Forest Cover Shrinking Globally
Results from a study of detailed satellite observations of the world’s forests released on Monday show that forest cover has shrunk by 3.1 percent across the globe.
Boreal forests of the northern sub-arctic were hardest hit, the report said, which accounts for about one-third of the overall loss.
Forest destruction is caused by several sources. Human deforestation is a huge factor, but natural phenomena such as fires ignited by lightning also contribute to loss of forests, according to the report.
The study is important because the data on what changes are happening to the world’s forests are needed to make estimations on the impact of carbon dioxide emissions, which includes greenhouse gases. The data will also allow scientists to set parameters for “global-scale biogeochemical, hydrological, biodiversity and climate models,” read the report.
About 628,000 square miles of forest was lost between 2000 and 2005, researchers said. Boreal forests, which account for 26.7 percent of the world’s forest cover, showed a 4 percent drop in total forest cover during the study period. It also accounted for 34.7 percent of total forest loss during the period.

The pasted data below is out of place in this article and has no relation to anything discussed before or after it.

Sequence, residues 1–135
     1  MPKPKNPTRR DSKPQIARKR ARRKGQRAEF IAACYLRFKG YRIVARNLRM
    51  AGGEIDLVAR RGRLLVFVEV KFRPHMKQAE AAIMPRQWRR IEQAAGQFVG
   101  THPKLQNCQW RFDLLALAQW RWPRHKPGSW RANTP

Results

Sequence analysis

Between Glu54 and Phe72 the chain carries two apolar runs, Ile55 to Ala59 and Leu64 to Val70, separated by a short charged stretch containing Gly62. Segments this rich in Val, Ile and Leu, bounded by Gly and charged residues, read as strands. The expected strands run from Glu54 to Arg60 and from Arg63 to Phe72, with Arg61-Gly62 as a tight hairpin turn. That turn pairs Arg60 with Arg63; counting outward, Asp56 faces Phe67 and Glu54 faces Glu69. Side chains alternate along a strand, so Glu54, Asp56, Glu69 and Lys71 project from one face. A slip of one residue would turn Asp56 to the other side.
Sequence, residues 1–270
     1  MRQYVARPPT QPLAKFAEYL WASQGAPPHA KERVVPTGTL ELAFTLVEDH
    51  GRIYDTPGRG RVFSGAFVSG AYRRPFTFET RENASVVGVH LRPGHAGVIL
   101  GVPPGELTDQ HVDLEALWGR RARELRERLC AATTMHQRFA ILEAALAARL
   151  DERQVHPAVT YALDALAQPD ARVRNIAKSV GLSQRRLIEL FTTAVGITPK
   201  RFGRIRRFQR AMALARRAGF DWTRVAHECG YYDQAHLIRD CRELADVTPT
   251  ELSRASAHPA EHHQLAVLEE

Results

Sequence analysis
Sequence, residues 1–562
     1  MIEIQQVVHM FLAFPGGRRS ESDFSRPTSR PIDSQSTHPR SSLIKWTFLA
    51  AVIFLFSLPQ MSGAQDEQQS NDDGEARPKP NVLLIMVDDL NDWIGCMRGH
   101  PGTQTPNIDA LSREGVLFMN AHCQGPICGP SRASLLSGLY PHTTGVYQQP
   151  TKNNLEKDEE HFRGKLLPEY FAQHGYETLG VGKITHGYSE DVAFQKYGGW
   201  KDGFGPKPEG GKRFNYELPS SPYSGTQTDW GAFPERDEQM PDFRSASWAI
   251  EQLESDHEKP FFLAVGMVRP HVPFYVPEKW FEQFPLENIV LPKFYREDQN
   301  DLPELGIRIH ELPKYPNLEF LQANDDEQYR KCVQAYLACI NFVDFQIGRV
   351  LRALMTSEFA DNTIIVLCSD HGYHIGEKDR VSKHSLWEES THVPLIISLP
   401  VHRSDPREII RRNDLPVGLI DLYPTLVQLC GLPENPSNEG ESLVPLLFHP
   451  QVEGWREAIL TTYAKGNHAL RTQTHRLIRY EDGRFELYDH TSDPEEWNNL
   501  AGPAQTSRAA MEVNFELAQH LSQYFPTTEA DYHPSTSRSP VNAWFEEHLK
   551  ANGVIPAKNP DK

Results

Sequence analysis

Tropical humid forests, which cover 7.2 million square miles, lost 2.4 percent of their total forest cover, or 27 percent of the overall loss during the study period. Tropical forests in dry regions, which cover 4.4 million square miles, shrunk 2.9 percent during the 2000 to 2005 study, and represented 20.2 percent of total forest loss.
North America suffered the biggest loss of forest cover during the study period, losing 5.1 percent forest cover during the period. It represented 29.2 percent of the overall loss.
The study is published in the April 26-30 issue of Proceedings of the National Academy of Sciences (PNAS).
Image Caption: Fires and Deforestation near the Xingu River. Image courtesy Jacques Descloitres, MODIS Land Rapid Response Team
On the Net: